Back in 2008, as the US Presidential Election campaign was heating up, John McCain made yet another blunder when used Foo Fighters’ ‘My Hero’ as his new theme tune. The Senator couldn’t catch a break, and quickly incurred the wrath of frontman Dave Grohl. "It's frustrating and infuriating that someone who claims to speak for the American people would repeatedly show such little respect for creativity and intellectual property," they said. “This isn't the first time the McCain campaign has used a song without making any attempt to get approval or permission from the artist. To have it appropriated without our knowledge and used in a manner that perverts the original sentiment of the lyric just tarnishes the song. We hope that the McCain campaign will do the right thing and stop using our song — and start asking artists' permission in general."
5. KEANE VS DAVID CAMERON
Richard Hughes, drummer for the English pop-rock band Keane, said that he was “horrified” when he heard that Cameron and the Tories had used the band’s 2004 song ‘Everybody’s Changing’ at their 2010 campaign launch. The move was part of Cameron’s attempts to rebrand the Tories and get rid of their ‘nasty party’ association. Thankfully, Keane saw through the bullshit. “Told the Tories played Keane at their manifesto launch,” Hughes wrote on Twitter. “Am horrified. To be clear – we were not asked. I will not vote for them.”
6. JOHNNY MARR VS DAVID CAMERON
Possibly the greatest slapdown by a British musician against a British politician. The hapless David Cameron waded himself into the music world once again with his continued expressions of love for The Smiths (he’s adamant that he’s been a fan since the ‘80s and picked This Charming Man as one of his Desert Island Discs back in 2006). This prompted Smiths guitarist Johnny Marr to say on Twitter: "Stop saying that you like The Smiths, no you don't. I forbid you to like it."
*Incidentally, on the same Desert Island Discs show David Cameron claimed that Thom Yorke had performed the song ‘Fake Plastic Trees’ at a show following a request by the prime minister. Yorke disputed this. But it wouldn’t be like a politician to lie, would it?
7. PAUL WELLER VS DAVID CAMERON
A ridiculous gaffe on Cameron's part. “I don’t see why the left should be the only ones allowed to listen to protest songs," he said, speaking about The Jam's famous song 'Eton Rifles'. Paul Weller was quick to react, speaking to Mojo. “The whole thing with Cameron saying it was one of his favourite songs… I just think, ‘Which bit didn’t you get?'” People say, ‘Why don’t you write any more political songs?’ But I would just write exactly the same fucking things I wrote thirty-odd years ago.” He added: “Every time they fire a missile in the Middle East, that’s £850,000, right? And then they talk about the NHS, fucking selling it off or it crumbling. So nothing’s really changed, has it?”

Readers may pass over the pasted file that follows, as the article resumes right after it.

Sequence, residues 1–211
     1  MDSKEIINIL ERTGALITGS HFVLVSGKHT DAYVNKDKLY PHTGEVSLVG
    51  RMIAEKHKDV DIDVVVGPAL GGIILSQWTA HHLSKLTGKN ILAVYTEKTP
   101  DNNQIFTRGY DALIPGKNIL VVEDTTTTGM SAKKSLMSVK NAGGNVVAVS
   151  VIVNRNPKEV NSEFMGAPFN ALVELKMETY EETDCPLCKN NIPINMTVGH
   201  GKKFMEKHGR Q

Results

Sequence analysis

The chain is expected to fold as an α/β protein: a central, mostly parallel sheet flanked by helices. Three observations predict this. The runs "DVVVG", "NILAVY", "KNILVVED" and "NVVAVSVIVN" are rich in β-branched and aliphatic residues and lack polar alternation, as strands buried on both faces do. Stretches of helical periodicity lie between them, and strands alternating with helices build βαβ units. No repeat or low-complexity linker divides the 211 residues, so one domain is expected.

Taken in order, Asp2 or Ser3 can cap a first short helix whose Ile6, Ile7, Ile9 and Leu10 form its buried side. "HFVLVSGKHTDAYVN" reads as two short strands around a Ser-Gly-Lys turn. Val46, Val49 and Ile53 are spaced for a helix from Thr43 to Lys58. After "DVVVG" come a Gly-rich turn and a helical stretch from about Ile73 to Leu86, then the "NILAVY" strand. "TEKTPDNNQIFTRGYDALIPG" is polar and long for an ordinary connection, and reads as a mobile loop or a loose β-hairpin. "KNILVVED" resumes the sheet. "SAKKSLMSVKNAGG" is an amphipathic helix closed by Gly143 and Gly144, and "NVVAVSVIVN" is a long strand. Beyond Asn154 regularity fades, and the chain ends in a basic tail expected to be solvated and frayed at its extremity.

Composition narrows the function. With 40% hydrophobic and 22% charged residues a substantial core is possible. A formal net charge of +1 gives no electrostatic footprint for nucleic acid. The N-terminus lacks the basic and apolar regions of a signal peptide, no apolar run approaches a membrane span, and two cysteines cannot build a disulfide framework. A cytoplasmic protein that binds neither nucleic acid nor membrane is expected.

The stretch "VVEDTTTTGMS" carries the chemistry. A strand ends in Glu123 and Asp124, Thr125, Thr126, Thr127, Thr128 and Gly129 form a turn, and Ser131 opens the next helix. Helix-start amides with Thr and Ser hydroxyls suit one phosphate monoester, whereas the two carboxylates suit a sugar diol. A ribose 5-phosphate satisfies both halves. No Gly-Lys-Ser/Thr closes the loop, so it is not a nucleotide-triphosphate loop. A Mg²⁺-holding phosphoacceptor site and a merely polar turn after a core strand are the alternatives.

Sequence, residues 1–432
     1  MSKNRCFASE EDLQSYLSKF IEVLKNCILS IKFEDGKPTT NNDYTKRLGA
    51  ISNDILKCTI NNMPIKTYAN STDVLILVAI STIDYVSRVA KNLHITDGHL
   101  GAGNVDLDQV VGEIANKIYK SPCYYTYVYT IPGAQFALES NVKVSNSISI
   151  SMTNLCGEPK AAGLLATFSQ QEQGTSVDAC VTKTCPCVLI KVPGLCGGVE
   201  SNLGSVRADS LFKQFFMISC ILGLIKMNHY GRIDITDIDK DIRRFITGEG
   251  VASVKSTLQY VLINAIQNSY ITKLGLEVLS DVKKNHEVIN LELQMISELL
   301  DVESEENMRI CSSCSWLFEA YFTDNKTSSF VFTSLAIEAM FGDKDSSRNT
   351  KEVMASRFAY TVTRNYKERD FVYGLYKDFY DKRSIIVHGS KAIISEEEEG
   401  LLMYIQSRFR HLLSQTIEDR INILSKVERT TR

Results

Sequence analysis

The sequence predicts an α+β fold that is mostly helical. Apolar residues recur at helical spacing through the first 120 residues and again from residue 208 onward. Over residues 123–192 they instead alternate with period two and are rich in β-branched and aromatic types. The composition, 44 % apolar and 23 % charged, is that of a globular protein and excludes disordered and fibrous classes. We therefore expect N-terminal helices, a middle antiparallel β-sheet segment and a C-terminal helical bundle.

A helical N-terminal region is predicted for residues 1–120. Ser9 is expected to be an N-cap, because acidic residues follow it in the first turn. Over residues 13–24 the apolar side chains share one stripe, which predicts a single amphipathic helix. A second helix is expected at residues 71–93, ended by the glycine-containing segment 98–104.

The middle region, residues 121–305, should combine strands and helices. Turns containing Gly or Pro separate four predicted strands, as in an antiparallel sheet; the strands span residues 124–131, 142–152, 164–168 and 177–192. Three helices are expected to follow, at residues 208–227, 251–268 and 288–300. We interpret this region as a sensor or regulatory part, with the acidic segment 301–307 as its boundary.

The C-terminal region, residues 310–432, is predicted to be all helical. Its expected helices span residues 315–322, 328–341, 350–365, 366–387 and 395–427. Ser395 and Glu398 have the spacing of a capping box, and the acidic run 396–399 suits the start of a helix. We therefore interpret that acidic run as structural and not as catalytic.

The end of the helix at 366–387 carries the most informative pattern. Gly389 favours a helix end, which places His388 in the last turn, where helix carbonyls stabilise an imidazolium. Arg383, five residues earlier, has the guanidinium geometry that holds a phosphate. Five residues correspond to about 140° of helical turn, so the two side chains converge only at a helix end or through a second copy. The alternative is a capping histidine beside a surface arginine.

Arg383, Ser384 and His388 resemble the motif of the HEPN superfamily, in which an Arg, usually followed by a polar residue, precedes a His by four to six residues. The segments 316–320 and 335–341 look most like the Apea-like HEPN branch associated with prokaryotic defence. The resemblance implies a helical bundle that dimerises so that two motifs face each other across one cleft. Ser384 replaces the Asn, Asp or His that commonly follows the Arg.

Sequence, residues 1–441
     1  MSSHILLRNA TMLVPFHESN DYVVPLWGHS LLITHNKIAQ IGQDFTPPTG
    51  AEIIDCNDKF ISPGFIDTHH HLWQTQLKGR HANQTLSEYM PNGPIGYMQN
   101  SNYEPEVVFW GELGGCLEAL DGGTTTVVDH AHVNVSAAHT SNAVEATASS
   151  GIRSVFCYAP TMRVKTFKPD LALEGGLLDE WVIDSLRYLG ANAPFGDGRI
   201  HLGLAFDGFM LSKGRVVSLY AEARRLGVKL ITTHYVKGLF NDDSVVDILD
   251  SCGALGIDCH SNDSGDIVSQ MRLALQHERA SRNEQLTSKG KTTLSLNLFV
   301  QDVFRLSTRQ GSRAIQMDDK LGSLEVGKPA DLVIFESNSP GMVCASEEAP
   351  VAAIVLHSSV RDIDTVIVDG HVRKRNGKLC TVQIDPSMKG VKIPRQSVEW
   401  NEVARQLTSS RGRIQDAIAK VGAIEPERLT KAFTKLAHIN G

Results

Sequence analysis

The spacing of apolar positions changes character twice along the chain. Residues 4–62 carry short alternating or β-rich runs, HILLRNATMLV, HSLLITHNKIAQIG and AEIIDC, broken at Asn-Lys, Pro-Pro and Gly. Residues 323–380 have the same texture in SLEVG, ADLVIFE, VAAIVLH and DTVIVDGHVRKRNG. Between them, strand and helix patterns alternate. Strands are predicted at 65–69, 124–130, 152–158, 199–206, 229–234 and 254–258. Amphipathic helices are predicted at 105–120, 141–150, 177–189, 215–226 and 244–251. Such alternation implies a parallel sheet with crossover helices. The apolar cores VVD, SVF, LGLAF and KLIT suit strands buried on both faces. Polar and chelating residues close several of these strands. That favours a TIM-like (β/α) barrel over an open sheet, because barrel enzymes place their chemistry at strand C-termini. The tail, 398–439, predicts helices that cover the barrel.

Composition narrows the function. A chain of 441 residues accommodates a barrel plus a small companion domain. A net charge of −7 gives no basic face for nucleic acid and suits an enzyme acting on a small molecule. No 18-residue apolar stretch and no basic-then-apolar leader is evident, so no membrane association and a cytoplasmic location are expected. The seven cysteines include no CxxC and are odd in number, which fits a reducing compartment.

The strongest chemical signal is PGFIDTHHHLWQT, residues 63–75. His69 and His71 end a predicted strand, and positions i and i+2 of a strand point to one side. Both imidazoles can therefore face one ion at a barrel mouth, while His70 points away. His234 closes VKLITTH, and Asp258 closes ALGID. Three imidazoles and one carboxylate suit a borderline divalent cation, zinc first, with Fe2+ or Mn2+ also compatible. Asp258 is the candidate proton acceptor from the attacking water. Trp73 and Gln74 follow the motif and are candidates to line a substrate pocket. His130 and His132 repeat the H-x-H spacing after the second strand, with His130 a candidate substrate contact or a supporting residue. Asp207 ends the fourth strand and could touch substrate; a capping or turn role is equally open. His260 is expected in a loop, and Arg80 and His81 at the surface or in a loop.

8. THE CLASH AND RUDY GUILIANI
Not exactly a slap down from a musician, more of a self-slap from an awful, awful politician. Former New York Mayor Rudy Guiliani used The Clash's 'Rudie Can't Fail' for his 2008 Presidential Election campaign. This might seem appropriate - if not for the fact that 'rudie' is Jamaican and British slang for young Jamaicans who are stereotyped as hoodlums. This couldn't be further from the message Mr. Guiliani wanted to get across. On top of that, he did fail his campaign. Badly. Joe Strummer was apparently still making moves beyond the grave.
9. SAM MOORE OF SAM AND DAVE VS BARACK OBAMA
We realise that all 'cease and desist's so far have come from those veering to the right of the political spectrum, but Barack Obama had his own woes back in 2008 when Sam Moore, of Sam and Dave, asked the Presidential candidate not the use his song 'Hold On, I'm Comin'' at political rallies. "I have not agreed to endorse you for the highest office in our land. . . . My vote is a very private matter between myself and the ballot box." He added, however, that he found it "thrilling" to see a man of color run for the presidency. This is one story that had a happy ending however, as the following year, Moore performed with Sting and Elvis Costello at an inaugural ball for the newly elected president. And in 2013, he played at the White House as part of a PBS music series.